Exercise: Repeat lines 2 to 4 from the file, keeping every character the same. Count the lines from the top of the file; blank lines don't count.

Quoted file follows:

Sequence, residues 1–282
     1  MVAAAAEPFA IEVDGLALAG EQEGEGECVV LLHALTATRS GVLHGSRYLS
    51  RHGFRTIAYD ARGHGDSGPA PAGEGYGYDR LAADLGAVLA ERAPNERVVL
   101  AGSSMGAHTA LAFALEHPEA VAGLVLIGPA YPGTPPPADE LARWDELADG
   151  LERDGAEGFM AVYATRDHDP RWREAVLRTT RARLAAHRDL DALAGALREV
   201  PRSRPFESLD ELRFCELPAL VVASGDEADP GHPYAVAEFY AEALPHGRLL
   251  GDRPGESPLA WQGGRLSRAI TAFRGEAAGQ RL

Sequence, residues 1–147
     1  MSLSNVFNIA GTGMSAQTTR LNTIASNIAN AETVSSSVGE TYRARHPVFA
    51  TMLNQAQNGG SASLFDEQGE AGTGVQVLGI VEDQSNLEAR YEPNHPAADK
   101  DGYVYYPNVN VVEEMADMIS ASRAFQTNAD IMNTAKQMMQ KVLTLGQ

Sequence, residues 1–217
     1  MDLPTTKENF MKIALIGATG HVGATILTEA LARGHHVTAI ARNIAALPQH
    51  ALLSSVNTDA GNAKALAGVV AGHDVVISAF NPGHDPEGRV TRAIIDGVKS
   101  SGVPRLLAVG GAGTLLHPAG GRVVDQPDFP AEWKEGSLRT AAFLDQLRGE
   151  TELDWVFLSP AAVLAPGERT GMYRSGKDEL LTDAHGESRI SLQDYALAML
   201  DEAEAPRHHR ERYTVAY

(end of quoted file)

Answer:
     1  MVAAAAEPFA IEVDGLALAG EQEGEGECVV LLHALTATRS GVLHGSRYLS
    51  RHGFRTIAYD ARGHGDSGPA PAGEGYGYDR LAADLGAVLA ERAPNERVVL
   101  AGSSMGAHTA LAFALEHPEA VAGLVLIGPA YPGTPPPADE LARWDELADG